From the American Revolution to the global War on terror today, brave men and women have answered the call to serve their country. Some were drafted and some signed up voluntarily but no matter their reasons, we owe them our gratitude for a lifetime.
These men and women have done more, seen more and heard more during their enlistments than any civilian could ever imagine. Some return home and are able to sustain a natural way of life, seeming to be unscathed by serving our country. Others return home with the war still raging inside them, possibly leading to suicide, drugs, and alcoholism.
No matter how our veterans return home, we need to stand behind them, support them and let them know we care. We need to help them find resources and treatment if needed to live out the rest of their lives in peace. We need to help those veterans who might be homeless or at risk of being homeless. We need to support families, friends and these veterans who have answered the call and paid the price.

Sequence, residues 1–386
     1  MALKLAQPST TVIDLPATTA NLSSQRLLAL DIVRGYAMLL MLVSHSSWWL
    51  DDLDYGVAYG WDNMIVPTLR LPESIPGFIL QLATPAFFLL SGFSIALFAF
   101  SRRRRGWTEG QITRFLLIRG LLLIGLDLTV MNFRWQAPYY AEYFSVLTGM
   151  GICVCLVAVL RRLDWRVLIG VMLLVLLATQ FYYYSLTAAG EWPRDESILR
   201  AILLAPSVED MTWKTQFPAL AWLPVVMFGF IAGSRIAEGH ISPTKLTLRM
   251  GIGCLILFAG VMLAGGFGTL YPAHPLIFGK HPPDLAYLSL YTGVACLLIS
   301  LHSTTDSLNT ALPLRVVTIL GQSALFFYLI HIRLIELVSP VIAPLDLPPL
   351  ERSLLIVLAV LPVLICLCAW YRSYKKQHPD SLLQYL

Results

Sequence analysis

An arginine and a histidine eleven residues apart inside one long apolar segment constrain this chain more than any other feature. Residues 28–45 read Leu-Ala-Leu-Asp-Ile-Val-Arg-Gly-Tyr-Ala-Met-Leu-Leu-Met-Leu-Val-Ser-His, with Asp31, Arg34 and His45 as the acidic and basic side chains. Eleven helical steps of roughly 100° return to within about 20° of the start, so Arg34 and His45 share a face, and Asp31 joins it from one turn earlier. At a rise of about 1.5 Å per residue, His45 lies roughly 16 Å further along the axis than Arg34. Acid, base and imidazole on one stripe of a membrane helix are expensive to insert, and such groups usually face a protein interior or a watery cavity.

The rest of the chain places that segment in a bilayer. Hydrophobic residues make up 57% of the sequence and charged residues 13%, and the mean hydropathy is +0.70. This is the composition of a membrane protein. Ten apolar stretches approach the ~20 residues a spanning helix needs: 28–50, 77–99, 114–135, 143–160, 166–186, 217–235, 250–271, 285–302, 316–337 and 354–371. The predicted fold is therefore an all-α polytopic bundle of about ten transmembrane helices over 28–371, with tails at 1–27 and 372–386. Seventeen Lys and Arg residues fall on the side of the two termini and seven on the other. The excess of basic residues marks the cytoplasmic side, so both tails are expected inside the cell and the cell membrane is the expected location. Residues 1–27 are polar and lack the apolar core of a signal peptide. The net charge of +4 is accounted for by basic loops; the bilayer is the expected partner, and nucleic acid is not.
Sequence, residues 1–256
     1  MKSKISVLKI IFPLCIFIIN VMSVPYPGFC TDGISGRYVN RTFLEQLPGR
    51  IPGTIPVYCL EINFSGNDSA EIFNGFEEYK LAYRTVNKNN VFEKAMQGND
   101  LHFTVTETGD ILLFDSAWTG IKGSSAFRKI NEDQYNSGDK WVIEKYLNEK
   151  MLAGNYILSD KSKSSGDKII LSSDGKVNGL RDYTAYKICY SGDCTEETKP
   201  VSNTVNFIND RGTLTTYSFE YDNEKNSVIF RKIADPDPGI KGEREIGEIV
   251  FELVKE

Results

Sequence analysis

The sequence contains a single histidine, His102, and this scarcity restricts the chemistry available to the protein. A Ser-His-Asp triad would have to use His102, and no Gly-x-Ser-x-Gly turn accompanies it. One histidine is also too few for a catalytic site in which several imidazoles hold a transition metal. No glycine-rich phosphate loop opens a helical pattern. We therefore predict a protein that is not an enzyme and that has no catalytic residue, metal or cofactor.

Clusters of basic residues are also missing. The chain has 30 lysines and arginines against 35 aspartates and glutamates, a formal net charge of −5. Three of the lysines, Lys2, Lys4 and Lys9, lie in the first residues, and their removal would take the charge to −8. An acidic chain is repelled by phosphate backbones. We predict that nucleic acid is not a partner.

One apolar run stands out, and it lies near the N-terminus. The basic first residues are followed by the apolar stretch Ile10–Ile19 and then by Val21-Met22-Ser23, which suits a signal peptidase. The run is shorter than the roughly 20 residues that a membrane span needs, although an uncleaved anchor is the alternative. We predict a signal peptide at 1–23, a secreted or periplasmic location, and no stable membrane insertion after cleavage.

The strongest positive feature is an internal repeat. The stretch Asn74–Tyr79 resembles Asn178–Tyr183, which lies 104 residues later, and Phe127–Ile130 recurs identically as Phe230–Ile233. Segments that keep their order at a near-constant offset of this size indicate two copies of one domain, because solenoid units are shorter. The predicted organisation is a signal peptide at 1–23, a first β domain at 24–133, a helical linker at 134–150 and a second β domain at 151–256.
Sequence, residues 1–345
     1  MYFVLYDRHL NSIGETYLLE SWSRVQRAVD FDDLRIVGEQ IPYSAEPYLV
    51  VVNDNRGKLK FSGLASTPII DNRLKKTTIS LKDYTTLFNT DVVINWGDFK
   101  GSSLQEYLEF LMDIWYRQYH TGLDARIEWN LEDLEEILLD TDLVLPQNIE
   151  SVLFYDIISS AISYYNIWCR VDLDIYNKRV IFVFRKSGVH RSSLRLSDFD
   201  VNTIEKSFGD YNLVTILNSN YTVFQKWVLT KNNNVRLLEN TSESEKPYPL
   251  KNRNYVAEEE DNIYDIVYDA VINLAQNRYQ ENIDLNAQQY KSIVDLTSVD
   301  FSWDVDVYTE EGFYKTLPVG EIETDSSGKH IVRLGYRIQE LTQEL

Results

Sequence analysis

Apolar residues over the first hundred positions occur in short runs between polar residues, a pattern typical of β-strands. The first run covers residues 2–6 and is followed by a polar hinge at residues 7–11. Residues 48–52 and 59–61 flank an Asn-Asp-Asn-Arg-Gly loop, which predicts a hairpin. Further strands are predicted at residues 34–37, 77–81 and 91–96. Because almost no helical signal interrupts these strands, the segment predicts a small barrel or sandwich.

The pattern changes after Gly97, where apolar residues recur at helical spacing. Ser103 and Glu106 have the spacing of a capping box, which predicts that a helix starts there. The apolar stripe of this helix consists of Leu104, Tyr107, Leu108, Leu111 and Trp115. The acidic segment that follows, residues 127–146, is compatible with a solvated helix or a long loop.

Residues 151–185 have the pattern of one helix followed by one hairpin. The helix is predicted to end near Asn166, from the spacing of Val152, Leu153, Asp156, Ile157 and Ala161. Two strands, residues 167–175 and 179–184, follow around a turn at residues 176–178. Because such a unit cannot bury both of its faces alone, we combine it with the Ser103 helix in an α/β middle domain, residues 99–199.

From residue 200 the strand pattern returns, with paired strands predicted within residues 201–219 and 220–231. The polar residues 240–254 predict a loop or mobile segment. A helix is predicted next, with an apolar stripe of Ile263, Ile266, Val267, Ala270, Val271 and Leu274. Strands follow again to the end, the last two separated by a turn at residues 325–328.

While veterans’ suicide rates have been reported 50% higher than those who did not serve in the military, the cause of the trauma is most likely to occur in the first three years of their return to civilian life. This is why we need to educate others and raise awareness about Post Traumatic Stress Disorder (PTSD). Veterans need to know that we support them and honor their sacrifices. We need to let our veterans know that we stand tall and are proud of them all. We thank them for everything they have been called to do so we can do what we are free to do. Our freedom has definitely come with a great price. Our country would not be what it is today without our veterans who have served.
Perhaps Winston Churchill said it best when he said, “Never was so much owed by so many to so few.”
Therefore to our men and women in uniform, past, present and future, we say thank you, God bless you and God bless the U.S.A.